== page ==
‘Voluntary approach to energy efficiency in buildings not working’

Global businesses say legislation is needed to drive change in the sector

Pathway to COP26 report

The voluntary approach to energy efficiency in buildings is not working and legislation is needed.

That’s according to the global businesses making up the Prince of Wales’ Corporate Leaders Group, which say although there are enormous opportunities to make Europe’s buildings more energy efficient, create jobs and reduce carbon emissions, current policy is not ambitious enough,

Companies including EDF, Coca-Cola and Tesco have called for member states to legislate to ensure renovation happens, which they claim would need to happen at a rate of 23,000 homes every day until 2050, if international climate obligations are to be achieved.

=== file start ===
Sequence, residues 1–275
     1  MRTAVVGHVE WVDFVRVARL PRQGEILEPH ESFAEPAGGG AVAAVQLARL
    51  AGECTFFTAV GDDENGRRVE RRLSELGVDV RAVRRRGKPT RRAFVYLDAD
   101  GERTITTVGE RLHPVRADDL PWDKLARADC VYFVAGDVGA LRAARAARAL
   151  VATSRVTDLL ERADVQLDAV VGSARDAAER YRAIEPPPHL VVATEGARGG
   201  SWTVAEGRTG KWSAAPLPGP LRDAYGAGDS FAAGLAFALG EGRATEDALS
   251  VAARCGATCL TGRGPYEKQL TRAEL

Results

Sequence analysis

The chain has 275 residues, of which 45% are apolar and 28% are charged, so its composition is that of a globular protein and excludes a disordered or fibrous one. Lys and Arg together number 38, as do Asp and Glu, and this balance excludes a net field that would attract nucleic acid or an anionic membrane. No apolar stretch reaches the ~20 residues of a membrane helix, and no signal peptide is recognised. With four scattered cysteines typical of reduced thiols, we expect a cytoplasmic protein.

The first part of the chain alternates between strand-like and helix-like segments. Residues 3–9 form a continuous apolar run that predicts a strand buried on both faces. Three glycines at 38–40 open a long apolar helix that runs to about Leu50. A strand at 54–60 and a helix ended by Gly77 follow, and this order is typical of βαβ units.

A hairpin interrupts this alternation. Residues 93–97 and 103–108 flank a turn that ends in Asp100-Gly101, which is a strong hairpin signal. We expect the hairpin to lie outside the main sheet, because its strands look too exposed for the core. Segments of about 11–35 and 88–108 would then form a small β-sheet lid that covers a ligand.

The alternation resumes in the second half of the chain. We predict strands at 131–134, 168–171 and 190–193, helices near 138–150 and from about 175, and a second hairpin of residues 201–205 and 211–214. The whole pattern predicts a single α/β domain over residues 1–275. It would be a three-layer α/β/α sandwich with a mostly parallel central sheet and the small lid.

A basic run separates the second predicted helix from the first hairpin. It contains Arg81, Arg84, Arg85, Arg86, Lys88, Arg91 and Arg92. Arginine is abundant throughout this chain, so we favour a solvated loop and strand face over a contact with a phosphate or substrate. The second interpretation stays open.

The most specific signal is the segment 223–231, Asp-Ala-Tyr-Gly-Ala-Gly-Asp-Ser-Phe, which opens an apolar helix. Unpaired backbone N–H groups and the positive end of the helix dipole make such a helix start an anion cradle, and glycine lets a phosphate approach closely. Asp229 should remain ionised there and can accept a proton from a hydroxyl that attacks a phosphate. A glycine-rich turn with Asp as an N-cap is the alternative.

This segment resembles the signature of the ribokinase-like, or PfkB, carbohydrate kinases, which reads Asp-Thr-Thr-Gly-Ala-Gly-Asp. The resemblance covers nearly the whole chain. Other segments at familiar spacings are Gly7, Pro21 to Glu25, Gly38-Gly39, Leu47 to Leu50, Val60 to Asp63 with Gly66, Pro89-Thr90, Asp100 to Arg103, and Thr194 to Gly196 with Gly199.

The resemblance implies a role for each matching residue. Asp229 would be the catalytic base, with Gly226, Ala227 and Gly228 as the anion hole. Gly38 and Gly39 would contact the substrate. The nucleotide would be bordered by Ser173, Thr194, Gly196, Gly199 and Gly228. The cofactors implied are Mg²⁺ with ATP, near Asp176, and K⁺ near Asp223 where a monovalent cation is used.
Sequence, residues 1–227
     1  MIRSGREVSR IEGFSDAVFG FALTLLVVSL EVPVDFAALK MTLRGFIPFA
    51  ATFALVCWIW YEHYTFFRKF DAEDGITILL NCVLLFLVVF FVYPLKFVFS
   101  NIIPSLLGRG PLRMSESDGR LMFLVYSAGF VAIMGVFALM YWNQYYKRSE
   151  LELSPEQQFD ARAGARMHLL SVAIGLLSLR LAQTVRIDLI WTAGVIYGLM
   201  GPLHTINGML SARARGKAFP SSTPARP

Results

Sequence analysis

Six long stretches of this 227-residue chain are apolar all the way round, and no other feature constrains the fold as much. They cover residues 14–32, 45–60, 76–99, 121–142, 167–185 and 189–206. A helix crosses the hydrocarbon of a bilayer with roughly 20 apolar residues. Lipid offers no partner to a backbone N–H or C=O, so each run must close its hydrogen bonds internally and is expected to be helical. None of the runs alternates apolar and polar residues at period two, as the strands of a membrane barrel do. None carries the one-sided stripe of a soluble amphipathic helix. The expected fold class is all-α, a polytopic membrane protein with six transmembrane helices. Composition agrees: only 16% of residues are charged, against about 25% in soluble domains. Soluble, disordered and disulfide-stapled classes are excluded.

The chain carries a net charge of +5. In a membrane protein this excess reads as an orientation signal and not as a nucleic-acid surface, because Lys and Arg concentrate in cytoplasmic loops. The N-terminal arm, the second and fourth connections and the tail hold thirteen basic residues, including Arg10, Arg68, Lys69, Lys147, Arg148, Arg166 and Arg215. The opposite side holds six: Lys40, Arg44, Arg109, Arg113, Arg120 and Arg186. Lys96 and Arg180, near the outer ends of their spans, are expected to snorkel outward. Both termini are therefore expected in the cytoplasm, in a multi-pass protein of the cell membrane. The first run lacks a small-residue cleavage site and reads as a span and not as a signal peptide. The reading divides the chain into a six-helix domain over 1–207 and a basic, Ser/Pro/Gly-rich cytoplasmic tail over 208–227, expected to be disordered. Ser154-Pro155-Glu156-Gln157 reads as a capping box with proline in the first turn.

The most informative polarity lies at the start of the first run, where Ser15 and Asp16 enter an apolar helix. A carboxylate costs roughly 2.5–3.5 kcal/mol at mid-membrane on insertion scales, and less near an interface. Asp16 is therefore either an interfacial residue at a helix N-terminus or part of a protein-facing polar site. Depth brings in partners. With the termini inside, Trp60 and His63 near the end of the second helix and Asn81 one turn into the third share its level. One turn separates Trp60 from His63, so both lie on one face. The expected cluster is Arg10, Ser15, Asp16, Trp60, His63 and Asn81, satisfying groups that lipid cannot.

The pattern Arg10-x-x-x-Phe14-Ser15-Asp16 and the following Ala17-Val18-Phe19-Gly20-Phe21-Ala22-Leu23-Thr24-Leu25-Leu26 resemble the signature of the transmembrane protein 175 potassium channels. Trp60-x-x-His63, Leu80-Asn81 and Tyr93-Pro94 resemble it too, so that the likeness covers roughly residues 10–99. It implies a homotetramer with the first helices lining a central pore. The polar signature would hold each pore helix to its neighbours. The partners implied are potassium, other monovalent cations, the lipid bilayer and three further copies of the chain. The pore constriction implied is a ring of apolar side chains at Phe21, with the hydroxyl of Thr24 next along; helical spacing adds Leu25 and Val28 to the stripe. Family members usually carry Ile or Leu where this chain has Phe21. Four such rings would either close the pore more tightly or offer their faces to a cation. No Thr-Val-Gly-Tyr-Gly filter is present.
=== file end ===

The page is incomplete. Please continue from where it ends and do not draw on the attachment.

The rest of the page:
The group says buildings are responsible for 40% of energy consumption and 36% of carbon dioxide emissions in the EU, with roughly 97% of building stock being rated as energy inefficient.

Eliot Whittington, Acting Director of the Corporate Leaders Group, said: “There is a huge opportunity here but governments are failing to take it.

“Voluntary measures are not working and we won’t get the benefits on the scale needed unless governments make more energy efficiency measures compulsory.”

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